Error Gravity and Perception in Written Russian

Meghan Murphy-Lee, University of Kansas

The topic of error gravity has been a popular one in second language acquisition since the 1970's. However, during this time, only Benjamin Rifkin (1995) has studied this topic in Russian. In his project, Rifkin focused on the oral language of Russian students and created a hierarchy of error gravity to help instructors of Russian understand which errors Russian speakers view as the most severe. He found that both the native and non-native speakers agree on the severity of grammatical errors such as case and verbal conjugation errors. This paper will present the results of a study on the error gravity of written Russian (email messages written by second year students to their instructor) using both native and non-native Russian speakers as judges of these data. The subjects-judges will be drawn from three groups: native Russian speakers who are language teachers, Russian native speakers who are not language teachers and non-native teachers of Russian. The subjects will be asked to judge a random selection of email messages and rate their comprehensibility on a scale of 1 to 7.

In this study I wish to investigate whether judgments on written communication differ from group to group and how these results compare to previous studies that use oral language samples. I also will calculate whether there is a statistically significant correlation between comprehensibility and certain grammatical or lexical features identified previously in the messages

I decided to ask the subjects to judge these email messages on comprehensibility in order to rate how successfully they convey meaning. I will not mention to the subject-judges specific errors present in the messages or how to rate the writing based on certain types of errors. The task is designed to be non-specific so as to determine whether specific grammatical errors affect comprehension.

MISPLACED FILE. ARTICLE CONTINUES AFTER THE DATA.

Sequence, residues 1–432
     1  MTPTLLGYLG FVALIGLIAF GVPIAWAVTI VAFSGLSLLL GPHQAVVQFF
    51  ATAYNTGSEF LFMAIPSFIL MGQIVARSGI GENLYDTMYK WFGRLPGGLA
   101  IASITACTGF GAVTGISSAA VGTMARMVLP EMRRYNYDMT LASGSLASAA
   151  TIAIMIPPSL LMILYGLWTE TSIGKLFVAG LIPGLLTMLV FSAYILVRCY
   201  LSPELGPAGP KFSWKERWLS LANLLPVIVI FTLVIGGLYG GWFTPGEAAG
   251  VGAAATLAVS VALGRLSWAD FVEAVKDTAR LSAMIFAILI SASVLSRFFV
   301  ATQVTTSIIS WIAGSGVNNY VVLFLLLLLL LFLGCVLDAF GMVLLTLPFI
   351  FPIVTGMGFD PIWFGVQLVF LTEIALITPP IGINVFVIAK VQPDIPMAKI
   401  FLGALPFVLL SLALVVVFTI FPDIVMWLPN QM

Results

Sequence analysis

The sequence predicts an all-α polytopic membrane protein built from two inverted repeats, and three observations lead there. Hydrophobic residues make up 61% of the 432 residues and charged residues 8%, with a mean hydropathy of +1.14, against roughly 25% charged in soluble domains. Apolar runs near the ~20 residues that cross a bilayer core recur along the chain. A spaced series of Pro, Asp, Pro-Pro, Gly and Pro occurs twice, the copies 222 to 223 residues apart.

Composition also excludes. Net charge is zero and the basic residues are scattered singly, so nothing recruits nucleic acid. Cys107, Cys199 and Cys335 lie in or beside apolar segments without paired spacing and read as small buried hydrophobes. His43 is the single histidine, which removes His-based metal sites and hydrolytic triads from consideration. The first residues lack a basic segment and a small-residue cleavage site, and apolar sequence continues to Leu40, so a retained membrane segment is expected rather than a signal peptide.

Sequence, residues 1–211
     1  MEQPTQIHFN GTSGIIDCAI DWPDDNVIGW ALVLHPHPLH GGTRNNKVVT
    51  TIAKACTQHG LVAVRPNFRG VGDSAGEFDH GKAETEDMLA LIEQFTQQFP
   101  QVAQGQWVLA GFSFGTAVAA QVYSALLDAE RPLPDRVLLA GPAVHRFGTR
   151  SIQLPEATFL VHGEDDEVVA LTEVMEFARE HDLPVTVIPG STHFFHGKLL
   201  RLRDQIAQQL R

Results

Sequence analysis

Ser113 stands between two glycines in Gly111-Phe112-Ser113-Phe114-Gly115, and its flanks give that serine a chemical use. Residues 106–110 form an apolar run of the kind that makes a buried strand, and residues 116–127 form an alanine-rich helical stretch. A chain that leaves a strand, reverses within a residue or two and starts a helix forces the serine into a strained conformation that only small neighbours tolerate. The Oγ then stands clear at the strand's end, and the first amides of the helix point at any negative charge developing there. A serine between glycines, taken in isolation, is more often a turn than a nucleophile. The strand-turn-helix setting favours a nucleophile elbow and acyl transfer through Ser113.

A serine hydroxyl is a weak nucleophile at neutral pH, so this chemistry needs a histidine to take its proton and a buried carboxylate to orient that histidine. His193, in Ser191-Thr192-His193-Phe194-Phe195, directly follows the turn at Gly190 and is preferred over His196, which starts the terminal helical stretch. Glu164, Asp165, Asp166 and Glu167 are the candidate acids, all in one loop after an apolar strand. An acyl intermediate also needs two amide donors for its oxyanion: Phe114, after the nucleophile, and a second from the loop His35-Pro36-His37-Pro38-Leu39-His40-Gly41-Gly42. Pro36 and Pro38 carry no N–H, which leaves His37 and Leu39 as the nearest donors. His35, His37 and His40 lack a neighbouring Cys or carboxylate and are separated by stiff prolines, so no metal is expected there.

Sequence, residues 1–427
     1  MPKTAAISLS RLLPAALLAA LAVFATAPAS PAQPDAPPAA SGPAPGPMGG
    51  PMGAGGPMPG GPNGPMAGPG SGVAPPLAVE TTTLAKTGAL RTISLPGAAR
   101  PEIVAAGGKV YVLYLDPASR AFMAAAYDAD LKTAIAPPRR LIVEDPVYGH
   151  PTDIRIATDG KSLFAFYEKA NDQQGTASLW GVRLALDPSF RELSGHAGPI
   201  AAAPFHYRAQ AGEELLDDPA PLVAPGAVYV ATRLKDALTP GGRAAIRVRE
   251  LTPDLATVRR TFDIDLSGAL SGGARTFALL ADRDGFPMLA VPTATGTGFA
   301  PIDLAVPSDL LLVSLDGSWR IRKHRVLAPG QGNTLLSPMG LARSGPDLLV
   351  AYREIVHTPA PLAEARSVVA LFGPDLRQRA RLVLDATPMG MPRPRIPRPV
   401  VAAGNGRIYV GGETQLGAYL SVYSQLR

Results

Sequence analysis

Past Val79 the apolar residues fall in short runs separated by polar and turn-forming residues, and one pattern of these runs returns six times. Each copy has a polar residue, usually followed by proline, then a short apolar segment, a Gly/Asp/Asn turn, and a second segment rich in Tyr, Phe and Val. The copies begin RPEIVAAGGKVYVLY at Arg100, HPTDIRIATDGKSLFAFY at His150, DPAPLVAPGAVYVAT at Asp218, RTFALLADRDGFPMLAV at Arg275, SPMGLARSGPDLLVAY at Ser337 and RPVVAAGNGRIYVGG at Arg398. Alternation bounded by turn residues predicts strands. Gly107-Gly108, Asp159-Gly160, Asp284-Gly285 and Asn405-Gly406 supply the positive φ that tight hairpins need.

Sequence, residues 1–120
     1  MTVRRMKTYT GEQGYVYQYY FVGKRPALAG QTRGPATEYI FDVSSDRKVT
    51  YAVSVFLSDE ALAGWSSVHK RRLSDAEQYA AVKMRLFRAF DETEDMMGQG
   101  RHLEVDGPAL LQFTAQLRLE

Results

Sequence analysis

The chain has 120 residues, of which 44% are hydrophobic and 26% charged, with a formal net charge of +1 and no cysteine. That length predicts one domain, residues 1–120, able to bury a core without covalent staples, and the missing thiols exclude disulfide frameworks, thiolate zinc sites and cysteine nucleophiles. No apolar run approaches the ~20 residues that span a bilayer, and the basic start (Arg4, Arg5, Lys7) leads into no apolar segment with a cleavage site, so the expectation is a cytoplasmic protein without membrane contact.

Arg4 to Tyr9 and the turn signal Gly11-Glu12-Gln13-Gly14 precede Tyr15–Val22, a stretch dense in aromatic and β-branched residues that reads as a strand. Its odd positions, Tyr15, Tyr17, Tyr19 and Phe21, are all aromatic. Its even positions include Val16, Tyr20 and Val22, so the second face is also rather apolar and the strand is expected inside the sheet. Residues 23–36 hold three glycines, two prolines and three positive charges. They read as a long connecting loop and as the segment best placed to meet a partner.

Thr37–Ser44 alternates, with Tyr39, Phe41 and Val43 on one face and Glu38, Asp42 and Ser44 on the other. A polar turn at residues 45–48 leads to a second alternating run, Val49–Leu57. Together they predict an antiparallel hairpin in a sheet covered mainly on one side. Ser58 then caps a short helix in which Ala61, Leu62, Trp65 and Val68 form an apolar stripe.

One goal of this study is to observe how different readers experience non-native writing and how they judge comprehensibility. If there is a difference between the teacher and non-teacher native speakers and the non-native teacher, it could be useful to sensitize non-native teachers to the norms used by native speakers when judging non-native writing samples. In addition, the reaction of native speakers to these non-native writing samples could help instructors because the ACTFL proficiency ratings for the various skills all use the educated native speaker as the criterion against which to judge the non-native speaker. I also will present results on the correlation between comprehensibility and certain linguistic features of Russian and will compare my findings to previous research that used oral Russian samples. This study will help us better understand how both native and non-native speakers view non-native writing.


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